2. Image titled Cook Fish Step 9
    Bake, bake away. Probably the healthiest cooking option available, baking relies on dry heat and less oil to thoroughly bring the fish to perfection. Line a baking tray with wax paper or aluminum foil, thoroughly oil the fish (or paint with a dab of melted butter), and cook at a lower heat for a longer time. Here's some more specific pointers for you to remember as you bake fish:
    • If you're baking with a fish fillet that has a thicker center and thin sides, curl the thin sides underneath the fish as it cooks.[7] That way, the sides won't be overcooked be the time the rest of the center is done.
    • Decide on your cooking temperature. Because fish are delicate and dry out easily, a lot of cooks recommend baking fish at low temperatures (think 250° F) for longer periods (20 minutes for fillets). For thicker (center cut) fish, many chefs recommend cooking at higher temperatures (400°F) for less time (15 minutes), although cooking times depend on the thickness of the cut.[8]
    • Try the 10-minute rule for baking fish, or "Canadian cooking method."[9] Measure the cut of fish at its thickest point. For every inch of thickness, cook for 10 minutes at 400° - 450°F. Pro-rate the ratio for uneven thicknesses. For example, a 1.5 inch (3.8 cm) center cut piece of salmon should be cooked for 15 minutes at around 425° F.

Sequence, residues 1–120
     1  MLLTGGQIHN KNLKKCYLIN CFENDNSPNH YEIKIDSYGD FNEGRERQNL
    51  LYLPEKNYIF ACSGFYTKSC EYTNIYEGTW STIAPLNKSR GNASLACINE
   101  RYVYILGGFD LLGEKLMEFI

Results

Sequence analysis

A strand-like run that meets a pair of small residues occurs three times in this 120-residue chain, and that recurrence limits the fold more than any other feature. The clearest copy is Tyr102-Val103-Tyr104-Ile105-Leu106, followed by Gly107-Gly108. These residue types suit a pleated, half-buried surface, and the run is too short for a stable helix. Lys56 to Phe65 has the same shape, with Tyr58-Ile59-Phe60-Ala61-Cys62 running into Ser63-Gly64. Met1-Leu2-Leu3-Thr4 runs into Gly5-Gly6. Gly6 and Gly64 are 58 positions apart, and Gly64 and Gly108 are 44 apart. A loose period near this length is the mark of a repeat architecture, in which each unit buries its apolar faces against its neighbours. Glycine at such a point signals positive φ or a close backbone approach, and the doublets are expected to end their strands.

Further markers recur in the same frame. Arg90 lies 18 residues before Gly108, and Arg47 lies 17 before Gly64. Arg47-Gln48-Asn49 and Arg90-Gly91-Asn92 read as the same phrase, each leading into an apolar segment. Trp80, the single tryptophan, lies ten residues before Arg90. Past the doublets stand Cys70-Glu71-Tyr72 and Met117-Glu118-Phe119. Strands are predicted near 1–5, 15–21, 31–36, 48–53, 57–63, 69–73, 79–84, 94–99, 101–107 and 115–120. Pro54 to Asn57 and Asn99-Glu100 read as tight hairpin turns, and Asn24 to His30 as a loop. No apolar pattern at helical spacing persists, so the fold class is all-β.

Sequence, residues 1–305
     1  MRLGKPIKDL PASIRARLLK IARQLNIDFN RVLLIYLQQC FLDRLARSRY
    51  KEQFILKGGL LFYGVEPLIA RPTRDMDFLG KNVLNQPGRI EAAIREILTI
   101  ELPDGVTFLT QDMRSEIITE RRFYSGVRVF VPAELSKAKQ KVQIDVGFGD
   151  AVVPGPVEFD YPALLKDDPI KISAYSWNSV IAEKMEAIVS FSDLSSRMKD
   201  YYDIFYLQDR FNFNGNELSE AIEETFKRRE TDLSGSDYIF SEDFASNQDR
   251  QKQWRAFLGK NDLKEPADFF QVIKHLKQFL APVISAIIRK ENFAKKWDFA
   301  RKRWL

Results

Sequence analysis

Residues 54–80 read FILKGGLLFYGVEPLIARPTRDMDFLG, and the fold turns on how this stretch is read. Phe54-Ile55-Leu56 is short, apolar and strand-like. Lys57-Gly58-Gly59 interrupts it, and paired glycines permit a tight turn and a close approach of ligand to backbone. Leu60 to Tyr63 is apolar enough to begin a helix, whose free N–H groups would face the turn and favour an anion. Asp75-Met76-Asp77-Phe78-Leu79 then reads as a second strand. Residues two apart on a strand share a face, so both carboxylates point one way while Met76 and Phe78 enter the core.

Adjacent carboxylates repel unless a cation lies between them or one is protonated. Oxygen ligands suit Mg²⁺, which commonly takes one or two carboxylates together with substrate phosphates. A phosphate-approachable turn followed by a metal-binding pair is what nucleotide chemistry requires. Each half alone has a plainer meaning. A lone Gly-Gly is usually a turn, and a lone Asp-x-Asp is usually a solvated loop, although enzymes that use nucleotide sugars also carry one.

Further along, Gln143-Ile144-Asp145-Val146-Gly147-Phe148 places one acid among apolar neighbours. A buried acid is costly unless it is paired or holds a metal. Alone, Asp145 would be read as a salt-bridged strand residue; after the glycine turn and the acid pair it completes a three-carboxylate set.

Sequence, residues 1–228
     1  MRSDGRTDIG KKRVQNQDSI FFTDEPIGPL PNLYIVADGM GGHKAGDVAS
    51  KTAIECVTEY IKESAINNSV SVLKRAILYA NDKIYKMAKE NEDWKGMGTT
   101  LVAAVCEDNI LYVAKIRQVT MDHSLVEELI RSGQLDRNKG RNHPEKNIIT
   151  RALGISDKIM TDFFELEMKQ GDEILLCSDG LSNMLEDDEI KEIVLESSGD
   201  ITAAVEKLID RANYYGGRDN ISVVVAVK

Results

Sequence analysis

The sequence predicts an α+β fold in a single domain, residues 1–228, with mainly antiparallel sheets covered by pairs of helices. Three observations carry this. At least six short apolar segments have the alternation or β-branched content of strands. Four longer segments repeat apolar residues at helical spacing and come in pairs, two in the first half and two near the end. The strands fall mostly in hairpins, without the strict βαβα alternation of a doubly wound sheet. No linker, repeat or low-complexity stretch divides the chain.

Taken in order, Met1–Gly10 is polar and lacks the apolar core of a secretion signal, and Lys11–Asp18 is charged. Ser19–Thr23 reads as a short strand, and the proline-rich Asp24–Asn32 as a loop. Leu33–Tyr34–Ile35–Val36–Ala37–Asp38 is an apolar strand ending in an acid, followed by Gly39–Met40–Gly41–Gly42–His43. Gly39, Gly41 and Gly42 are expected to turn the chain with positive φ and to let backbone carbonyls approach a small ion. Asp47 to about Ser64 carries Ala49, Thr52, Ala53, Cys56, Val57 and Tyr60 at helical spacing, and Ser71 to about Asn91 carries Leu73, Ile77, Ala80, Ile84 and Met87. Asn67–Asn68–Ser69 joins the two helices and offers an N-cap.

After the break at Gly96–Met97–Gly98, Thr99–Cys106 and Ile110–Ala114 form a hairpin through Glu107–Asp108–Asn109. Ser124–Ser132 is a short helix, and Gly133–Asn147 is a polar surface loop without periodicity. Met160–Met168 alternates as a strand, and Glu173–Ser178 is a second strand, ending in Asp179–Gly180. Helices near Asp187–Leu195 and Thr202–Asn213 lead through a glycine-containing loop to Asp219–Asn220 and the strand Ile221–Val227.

• For added flavor and moisture, think about adding herbs and aromatics to your baked fish. Lemon and capers or dill works great with salmon as well as with other types of fish. Bread crumbs work well with white fish, particularly tilapia.
  3. Image titled Cook Fish Step 10
    Pan-fry your fish to perfection. Pan frying gives you the option of being a little more creative with your fish. Not only can you dredge your fish in flour or cornmeal to get a nice crunchy exterior, but you can also make sauces from the juices leftover in the bottom of the pan. Here are some secrets for pan-frying fish to perfection.
    • Start off with enough oil and a hot pan. Oil your steel pan generously but not excessively and get it hot. Starting off hot helps cook the skin on the fish quickly, allowing it to adhere to the meat of the fish for nice presentation and an even nicer feel in the mouth.